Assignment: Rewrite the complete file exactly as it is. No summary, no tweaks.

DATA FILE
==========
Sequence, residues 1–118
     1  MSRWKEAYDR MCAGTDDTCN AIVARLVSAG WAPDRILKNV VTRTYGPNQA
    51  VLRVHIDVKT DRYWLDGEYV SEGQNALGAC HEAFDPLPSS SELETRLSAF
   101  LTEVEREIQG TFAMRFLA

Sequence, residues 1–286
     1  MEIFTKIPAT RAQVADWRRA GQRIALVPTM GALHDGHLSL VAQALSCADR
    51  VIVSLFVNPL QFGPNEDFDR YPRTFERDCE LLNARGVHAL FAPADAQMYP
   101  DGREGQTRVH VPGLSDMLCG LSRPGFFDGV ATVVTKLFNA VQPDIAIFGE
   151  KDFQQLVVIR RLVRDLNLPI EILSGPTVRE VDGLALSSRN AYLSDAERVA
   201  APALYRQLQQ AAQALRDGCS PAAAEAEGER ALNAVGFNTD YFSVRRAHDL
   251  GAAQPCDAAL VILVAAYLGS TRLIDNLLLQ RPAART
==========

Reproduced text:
Sequence, residues 1–118
     1  MSRWKEAYDR MCAGTDDTCN AIVARLVSAG WAPDRILKNV VTRTYGPNQA
    51  VLRVHIDVKT DRYWLDGEYV SEGQNALGAC HEAFDPLPSS SELETRLSAF
   101  LTEVEREIQG TFAMRFLA

Sequence, residues 1–286
     1  MEIFTKIPAT RAQVADWRRA GQRIALVPTM GALHDGHLSL VAQALSCADR
    51  VIVSLFVNPL QFGPNEDFDR YPRTFERDCE LLNARGVHAL FAPADAQMYP
   101  DGREGQTRVH VPGLSDMLCG LSRPGFFDGV ATVVTKLFNA VQPDIAIFGE
   151  KDFQQLVVIR RLVRDLNLPI EILSGPTVRE VDGLALSSRN AYLSDAERVA
   201  APALYRQLQQ AAQALRDGCS PAAAEAEGER ALNAVGFNTD YFSVRRAHDL
   251  GAAQPCDAAL VILVAAYLGS TRLIDNLLLQ RPAART